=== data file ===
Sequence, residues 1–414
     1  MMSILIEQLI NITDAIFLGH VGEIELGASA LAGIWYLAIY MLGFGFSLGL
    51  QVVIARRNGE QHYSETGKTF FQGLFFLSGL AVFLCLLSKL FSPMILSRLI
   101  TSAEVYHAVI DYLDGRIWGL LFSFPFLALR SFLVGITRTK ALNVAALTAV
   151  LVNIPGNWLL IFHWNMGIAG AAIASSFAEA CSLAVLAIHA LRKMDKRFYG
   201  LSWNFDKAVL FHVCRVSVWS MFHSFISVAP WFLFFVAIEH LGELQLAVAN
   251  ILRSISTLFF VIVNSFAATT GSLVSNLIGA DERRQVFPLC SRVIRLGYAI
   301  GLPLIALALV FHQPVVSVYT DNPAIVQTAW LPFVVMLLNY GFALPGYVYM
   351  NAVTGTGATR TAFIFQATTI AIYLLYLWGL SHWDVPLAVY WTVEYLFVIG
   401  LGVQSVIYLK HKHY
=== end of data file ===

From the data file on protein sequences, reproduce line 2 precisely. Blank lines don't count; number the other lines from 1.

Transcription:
     1  MMSILIEQLI NITDAIFLGH VGEIELGASA LAGIWYLAIY MLGFGFSLGL